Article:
The 13th Annual “Teddy” Government Waste Awards Winners were announced by the Canadian Taxpayers Federation (CTF) last week.

The CTF is a citizen advocacy group dedicated to less waste, lower taxes and responsible government spending of our hard earned dollars.

These awards confirm what I had been saying all along, that a left-wing mayor in the City of Toronto was going to cause an increase in taxes and result in less money in the pockets of Torontonions, as David Miller was given the lifetime achievement award.

Please, read on.

The “Teddy” award is named after Ted Weatherill, a former federal bureaucrat who was fired for outrageous expenses in 1999 (I’ve included his expenses below). Each year the CTF holds the ceremony to recognize a government, public office holder, civil servant, department or agency that most exemplifies government waste.

The winners:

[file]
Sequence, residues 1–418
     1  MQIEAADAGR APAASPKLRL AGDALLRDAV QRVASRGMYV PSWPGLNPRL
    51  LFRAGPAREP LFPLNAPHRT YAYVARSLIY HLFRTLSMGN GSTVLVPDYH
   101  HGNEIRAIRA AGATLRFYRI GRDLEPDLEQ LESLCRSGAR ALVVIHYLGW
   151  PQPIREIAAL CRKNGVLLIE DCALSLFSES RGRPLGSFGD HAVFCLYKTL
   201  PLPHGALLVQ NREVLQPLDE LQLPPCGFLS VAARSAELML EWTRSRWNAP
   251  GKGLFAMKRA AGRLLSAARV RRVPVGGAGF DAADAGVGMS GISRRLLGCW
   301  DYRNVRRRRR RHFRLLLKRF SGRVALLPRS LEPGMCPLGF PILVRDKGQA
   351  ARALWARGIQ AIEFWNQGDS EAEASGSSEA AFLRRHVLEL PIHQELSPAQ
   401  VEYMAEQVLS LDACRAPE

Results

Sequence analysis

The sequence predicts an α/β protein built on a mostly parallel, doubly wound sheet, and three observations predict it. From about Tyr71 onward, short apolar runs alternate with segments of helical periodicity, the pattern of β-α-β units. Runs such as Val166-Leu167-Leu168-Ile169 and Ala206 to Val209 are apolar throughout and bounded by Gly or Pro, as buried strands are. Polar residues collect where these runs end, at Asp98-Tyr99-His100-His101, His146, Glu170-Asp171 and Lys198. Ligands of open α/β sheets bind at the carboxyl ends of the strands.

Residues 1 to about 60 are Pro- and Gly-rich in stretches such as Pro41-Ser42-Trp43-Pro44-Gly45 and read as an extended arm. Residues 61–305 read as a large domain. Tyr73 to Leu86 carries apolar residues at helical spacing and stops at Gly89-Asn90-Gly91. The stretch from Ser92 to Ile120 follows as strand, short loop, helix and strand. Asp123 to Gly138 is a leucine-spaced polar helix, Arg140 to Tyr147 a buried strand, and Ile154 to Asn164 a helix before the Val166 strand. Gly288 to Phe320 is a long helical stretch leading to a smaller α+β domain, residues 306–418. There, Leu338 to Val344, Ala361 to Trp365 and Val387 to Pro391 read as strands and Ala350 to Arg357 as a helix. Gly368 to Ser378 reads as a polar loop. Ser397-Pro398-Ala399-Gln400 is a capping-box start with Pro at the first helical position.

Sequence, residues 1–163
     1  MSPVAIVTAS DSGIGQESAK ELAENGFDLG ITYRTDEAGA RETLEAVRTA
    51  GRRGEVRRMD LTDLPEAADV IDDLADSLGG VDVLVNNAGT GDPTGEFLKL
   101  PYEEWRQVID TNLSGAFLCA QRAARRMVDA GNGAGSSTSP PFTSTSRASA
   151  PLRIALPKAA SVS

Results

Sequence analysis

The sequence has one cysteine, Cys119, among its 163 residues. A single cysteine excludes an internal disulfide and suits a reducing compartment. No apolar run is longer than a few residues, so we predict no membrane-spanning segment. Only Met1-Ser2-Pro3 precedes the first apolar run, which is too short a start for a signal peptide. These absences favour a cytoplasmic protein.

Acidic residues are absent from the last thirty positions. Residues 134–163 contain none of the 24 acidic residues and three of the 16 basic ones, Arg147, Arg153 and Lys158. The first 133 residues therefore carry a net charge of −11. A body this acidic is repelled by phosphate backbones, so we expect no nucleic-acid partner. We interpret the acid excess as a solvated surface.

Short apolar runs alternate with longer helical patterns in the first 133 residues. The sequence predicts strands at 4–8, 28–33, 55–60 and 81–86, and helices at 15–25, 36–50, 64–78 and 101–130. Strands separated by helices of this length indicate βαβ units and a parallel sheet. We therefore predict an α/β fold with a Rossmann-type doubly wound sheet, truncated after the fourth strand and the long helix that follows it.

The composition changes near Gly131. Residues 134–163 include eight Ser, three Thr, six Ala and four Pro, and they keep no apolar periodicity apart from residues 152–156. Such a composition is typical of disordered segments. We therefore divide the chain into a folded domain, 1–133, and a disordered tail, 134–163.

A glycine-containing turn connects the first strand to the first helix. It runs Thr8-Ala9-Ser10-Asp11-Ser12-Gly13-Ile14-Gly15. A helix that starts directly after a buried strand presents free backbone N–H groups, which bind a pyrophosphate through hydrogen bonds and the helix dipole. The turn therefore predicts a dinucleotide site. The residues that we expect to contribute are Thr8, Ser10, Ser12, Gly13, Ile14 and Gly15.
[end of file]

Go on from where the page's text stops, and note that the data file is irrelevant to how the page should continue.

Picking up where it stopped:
Federal Teddy Winner:
G8/G20 costs: $1.24 billion spent to host leaders from the other G8/G20 nations to ironically discuss how to trim government over-spending.

Provincial Teddy Winner:
Ontario tax collectors paid severance for keeping jobs: Approximately $56-million in severance for changing their business cards from ‘Ontario PST collector’ to ‘Federal HST’ collector.”
These guys moved across the street from 5150 Yonge Street to 5001 Yonge street and were topped up to make up for the fact that the Feds pay less than the province.

Municipal Teddy Winner:
Edmonton City Council for wasting $5,000.00 on a haiku contest. Citizens were asked to write poems (or haikus) about riding the bus, despite already having paid $5,000 to have one written.

Lifetime Achievement Teddy:
David Miller

“And the Lifetime Achievement Teddy goes to…former Toronto Mayor, David Miller, for a career of reckless taxing-and-spending. As Mayor, Miller grew the city’s operating budget by 44 per cent, $2.8 billion, increased the city’s debt by more than $1 billion and increased property taxes every year well beyond the rate of inflation. He fought for and got new taxing powers which he used to impose a host of new taxes, including a: plastic bag tax, garbage tax, car tax, billboard tax, and land transfer tax.”